You know the story… you’ve split tested, reworked, and tweaked your paid ads and still have nothing to show for it.
We’ve all been there.
But one thing we often forget about when we’re testing campaigns is our ad scent.
I’m not talking about scratch-and-sniff stickers here; I’m talking about the trail a customer follows, starting with a paid ad and leading to your website, all with the goal of taking them through the customer journey.
Marketing That Stinks
One of the most frustrating experiences as a consumer is when you click on a link and you’re thrown off the scent because the link you clicked sent you to a seemingly—or completely—unrelated page.
Stinks, doesn’t it? 💩
Well, it doesn’t convert well either. The “scent” from what was promised to what is delivered is so incongruent that virtually every visitor will bounce immediately.
Let’s be honest, though, nearly every “path” on the web could stand to improve its ad scent.
But What Even is Ad Scent?
Ad scent is the consistency between an ad and the landing page it sends you to.
When done right, there should be a seamless transition from ad to landing page. If there is any friction, you run the risk of the customer dropping out of the process.
Take this Stitch Fix ad as an example, which shows jeans, specifically “the best-fitting jeans.”
This ad sends you to this landing page, all about “your new favorite jeans.” They even maintain the “50+ brands” messaging.
The landing page feels and looks just like the ad, and customers get exactly what they clicked to find: jeans.
The key to getting ad scent right is to understand the importance of maintaining the scent for these 3 major elements:
Design is one of the most important aspects of ad scent because without cohesive imagery from an ad to your site, it’s easy to confuse someone. And as a consumer, you need to know you’re taking the right steps to find your desired end result.
Consider keeping the following elements in your design consistent along your path:
- Color scheme
- Font Selection/Size/Color
Here’s a path from Parachute with good design scent. This is a Facebook ad leading to a landing page.
Right off the bat, Parachute drives you to a blog post on the same topic as the ad. They also used the same image as in the ad, so you know that you’re in the right place.
They also keep a consistent color scheme throughout the blog—the gold color transfers from the headline down through the color of the links within the text, giving you a consistent scent throughout your entire experience.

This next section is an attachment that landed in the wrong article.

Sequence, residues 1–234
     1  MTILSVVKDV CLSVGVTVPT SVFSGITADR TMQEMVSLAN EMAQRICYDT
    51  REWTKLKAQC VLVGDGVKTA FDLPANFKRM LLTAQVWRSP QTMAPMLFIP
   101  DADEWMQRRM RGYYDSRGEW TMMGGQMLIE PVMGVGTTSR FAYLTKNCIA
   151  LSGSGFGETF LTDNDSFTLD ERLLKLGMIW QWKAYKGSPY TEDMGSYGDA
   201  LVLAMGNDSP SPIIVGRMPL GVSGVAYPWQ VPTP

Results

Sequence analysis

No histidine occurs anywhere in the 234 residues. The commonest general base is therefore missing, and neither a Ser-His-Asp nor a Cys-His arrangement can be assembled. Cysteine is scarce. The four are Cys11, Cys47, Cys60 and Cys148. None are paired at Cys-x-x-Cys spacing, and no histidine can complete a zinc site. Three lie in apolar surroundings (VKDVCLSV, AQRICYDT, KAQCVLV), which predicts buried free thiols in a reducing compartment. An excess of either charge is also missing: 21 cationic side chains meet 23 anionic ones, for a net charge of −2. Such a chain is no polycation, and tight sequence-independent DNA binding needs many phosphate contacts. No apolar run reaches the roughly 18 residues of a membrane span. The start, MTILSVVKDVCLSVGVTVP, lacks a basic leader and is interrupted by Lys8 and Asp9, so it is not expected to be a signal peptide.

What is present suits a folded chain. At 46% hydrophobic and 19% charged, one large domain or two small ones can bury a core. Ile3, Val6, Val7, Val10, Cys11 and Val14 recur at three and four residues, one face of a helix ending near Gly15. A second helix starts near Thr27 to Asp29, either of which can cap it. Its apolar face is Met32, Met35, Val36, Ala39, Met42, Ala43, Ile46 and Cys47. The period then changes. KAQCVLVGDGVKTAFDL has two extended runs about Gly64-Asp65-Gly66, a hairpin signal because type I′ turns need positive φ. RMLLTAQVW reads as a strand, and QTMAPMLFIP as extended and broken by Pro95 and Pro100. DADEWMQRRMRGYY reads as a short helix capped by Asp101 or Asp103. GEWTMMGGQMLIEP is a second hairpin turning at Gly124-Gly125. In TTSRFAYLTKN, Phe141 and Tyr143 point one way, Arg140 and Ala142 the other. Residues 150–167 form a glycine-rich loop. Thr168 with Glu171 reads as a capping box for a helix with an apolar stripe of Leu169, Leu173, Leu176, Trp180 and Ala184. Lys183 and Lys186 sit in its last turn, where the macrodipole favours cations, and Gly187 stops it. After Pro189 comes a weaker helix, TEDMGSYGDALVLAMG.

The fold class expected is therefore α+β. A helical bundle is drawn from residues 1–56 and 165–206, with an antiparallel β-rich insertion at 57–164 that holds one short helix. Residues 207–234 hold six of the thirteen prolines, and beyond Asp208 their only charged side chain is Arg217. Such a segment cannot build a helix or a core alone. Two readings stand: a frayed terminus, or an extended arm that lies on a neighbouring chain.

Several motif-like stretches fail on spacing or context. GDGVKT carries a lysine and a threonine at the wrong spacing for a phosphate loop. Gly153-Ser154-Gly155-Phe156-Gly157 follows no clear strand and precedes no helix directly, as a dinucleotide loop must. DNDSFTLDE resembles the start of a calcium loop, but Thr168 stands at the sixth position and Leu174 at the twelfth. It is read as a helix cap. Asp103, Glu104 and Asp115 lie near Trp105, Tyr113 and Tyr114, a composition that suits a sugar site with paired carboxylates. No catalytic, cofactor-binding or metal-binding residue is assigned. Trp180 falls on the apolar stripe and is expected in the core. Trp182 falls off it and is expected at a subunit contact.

A good example of a benefit scent is a car salesman.
Before I lose you… hear me out.
A good car salesman will listen very carefully to what you say. He’ll study your body language. He’ll try to find out if you’re more interested in horsepower or gas mileage. Luxury or economy? GPS, 4-wheel drive, satellite radio?
Then he’ll craft his pitch around the benefits you care about.
Your paid ads serve the same purpose. A click on an ad is an indication of interest in that thing, and the ensuing pitch should be consistent with the benefits from that ad.
Below you’ll find a Facebook sidebar ad where Framebridge is advertising a bamboo frame for your wedding day pictures:
But when you click:
There’re no bamboo frames on the landing page, and not even anything remotely close to a wedding day photo (aside from the fact that the woman in the photo is wearing white).
Sorry, Framebridge, but this is a poor attempt at a benefit, and, quite frankly, the ad scent is off.
While the ad looks good and the landing page looks good, there’s no sense of continuity between the two. It would (obviously) make more sense to be sent to a landing page that is selling the bamboo frame or a variety of selections popular for wedding photos.
But with neither of those provided, you’re just left with an offer for custom framing, which would probably throw you off the scent based on why you originally clicked.
It’s surprising how often marketers get this wrong.
If you make an offer in an ad, maintain the scent of that offer from the ad to the landing page. Otherwise, it’s bye-bye traffic.
The easiest way to do this is to use the same language from ad to landing page headline. But it can be done in a subtler manner.
In this PPC ad for the Nomatic Laptop Bag, we find that the same language is used on Google and the video on the landing page. This is a particularly good use of ad scent because you’re enticed to click the video and consume the content immediately to follow the scent.
The bullet points on the landing page even describe what is in the description of the ad, which is helpful to drive home the point that you’ve found exactly what you’ve been looking for.
When using the query “hair products,” however, you’ll find that it’s easy to get lost.
What I’m looking for by clicking on the above ad is a product that will create is voluminous hair, right?
I’m thinking some serious Farrah Fawcett hair. Except, when you click the ad, you get this:
What do dry shampoo products have to do with the ad above?
One of the most important things you need to think about when selling a product is expectation vs. reality. What would someone expect to see vs. what you are actually selling—if there’s a discrepancy, you probably need to fix either the design, benefit, or offer of your ads.
Overall, sometimes you need to stop and smell the online ads (that’s the cliché, right?). If something smells a little off, use the tactics above to start to increase conversion rates and get everything flowery fresh once again.